Over the last three years, Wormholt Park Primary School, in the London Borough of Hammersmith & Fulham, have built a strong relationship with Enabling Enterprise.

Essential skills education is embedded into the school at all levels so that pupils from Year 1 through to Year 6 can develop the tools they need for success in education, enterprise and employment.

Over fifty percent of the pupils at Wormholt Park come from a disadvantaged background, so one of the school’s key strategic priorities is to ‘provide opportunities through an exciting and engaging curriculum to develop skills for life’.

Not only are Wormholt Park an Enabling Enterprise school, but they have also been certified a Level 2 UNICEF Rights Respecting school, further demonstrating their commitment to extending children’s learning past the standard curriculum towards skills and experiences transferable to the real world.

Before working with us, the school’s senior leadership had made attempts to introduce enterprise education into the school – but with limited success. Undeterred, and recognising the importance of forging these essential skills not addressed in the curriculum, Wormholt Park followed the recommendation of another school and began work with Enabling Enterprise.

The impact of that decision to adopt an embedded approach is clear to see, whether through assemblies, around the classroom or even in the playground. Children don’t need to be prompted to listen carefully or constantly reminded how best to share ideas – they already know.

Every year, students participate in a Challenge Day. Classes are mixed up and divided into groups to tackle a multi-part challenge: creating a political party, perhaps; developing a new civilization; or even discovering who stole all of the school’s chocolate! Additionally students in each year group also embark on an annual weeklong project designed to develop all eight essential skills in tandem; this year, Year 2 set up a community café, Year 1 opened their own art gallery and Year 6 got to grips with the law in mock trials.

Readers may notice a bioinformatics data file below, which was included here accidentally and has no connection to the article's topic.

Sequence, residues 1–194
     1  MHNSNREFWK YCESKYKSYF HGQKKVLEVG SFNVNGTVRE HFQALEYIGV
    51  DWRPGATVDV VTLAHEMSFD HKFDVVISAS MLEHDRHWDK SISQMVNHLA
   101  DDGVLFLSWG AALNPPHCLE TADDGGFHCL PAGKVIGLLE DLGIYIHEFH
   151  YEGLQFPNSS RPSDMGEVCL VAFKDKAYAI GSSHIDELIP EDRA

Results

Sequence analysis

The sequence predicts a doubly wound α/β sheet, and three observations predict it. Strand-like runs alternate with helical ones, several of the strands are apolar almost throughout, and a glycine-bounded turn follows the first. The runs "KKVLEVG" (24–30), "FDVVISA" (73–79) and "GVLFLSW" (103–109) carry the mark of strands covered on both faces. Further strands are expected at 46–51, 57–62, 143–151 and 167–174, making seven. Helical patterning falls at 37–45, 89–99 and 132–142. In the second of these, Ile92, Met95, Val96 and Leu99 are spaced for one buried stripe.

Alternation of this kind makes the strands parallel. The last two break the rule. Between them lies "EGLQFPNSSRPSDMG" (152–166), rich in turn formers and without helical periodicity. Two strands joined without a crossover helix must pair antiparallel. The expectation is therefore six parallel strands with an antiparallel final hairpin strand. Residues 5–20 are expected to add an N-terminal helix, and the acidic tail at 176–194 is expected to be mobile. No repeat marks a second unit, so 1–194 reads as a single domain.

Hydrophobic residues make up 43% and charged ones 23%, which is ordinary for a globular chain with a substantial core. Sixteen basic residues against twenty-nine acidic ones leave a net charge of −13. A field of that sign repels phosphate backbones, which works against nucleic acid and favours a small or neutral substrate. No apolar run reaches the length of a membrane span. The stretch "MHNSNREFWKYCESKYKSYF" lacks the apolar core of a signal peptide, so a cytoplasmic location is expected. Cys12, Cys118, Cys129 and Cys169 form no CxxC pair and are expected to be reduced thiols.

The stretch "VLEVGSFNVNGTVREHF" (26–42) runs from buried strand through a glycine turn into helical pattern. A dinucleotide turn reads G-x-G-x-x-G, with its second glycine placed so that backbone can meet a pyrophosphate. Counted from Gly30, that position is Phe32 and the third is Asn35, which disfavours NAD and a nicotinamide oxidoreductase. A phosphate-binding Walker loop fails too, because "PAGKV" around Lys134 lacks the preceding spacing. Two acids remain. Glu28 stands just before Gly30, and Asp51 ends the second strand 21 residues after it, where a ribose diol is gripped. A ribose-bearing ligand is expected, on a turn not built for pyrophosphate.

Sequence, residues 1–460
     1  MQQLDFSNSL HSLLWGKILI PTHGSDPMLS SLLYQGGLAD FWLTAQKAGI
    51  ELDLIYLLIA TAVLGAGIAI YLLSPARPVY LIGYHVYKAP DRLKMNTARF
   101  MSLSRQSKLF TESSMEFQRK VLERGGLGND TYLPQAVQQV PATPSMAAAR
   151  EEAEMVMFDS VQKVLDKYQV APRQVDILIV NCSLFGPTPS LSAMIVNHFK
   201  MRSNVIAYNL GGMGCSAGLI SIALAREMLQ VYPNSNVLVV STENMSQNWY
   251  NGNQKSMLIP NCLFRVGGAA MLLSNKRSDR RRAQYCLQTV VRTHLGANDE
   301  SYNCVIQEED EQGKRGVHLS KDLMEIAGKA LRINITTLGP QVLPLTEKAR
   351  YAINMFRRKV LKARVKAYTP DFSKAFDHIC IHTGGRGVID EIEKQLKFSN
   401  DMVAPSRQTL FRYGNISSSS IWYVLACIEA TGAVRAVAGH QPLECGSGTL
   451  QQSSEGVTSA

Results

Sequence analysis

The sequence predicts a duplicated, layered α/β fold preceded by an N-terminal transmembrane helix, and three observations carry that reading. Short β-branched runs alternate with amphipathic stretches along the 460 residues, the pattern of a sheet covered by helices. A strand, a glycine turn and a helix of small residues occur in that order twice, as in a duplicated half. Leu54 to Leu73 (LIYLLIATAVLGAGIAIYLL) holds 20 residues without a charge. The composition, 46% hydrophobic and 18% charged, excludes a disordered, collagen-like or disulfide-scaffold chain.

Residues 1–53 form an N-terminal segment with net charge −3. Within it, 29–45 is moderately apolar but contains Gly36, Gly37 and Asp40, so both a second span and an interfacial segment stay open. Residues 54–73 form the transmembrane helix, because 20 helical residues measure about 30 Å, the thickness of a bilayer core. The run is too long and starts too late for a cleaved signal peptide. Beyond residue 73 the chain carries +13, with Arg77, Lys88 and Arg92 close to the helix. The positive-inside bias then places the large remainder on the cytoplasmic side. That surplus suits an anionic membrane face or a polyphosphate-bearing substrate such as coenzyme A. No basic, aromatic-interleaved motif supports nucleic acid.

It doesn’t just end there, though. These large-scale, one-off projects are supported by a curriculum which embeds the essential skills deeply into the curriculum. Each academic year, a skill is chosen as the underlying focus of all topics in the term. Whether the pupils are learning about rainforests or the Tudors, they are developing essential skills. The head of PE reports that the skills are being implemented into the school’s various sporting teams, while the head of Science describes the evident improvement in the students’ teamwork – particularly during practical lessons and projects, where students felt a greater sense of purpose within their groups.

Since their third year of working with Enabling Enterprise they have been able to examine the impact of teaching the essential skills in more detail through their use of the Skills Builder assessment tool. For Ms. Hargie, the Deputy Headteacher, the change is remarkable: teachers have a ‘better understanding of the skills through the assessment tool’, making it ‘much easier to conceptualise the progression of students.’

The Skills Builder framework allows teachers to teachers visualise the progression of their students across the eight essential skills. By comparing the ability of their students from the beginning to the end of the year against a leveled framework, teachers are better equipped to address the strengths and weaknesses of each child. One teacher summarised it as ‘a great way to see the [students'] improvements and reflect upon them for development.’

In order for enterprise education to be valued alongside literacy and numeracy in a school’s curriculum, it is crucial that there be a common understanding of its component parts. The Skills Builder framework and assessment tool makes essential skills measurable; it grants teachers the ability to plan for students’ progression and set constructive targets, as is done in other subject areas. Reflecting on the overall impact of Skills Builder, Deputy Headteacher Ms. Hargie says it has meant a ‘mindset change towards looking at [essential] skills.’

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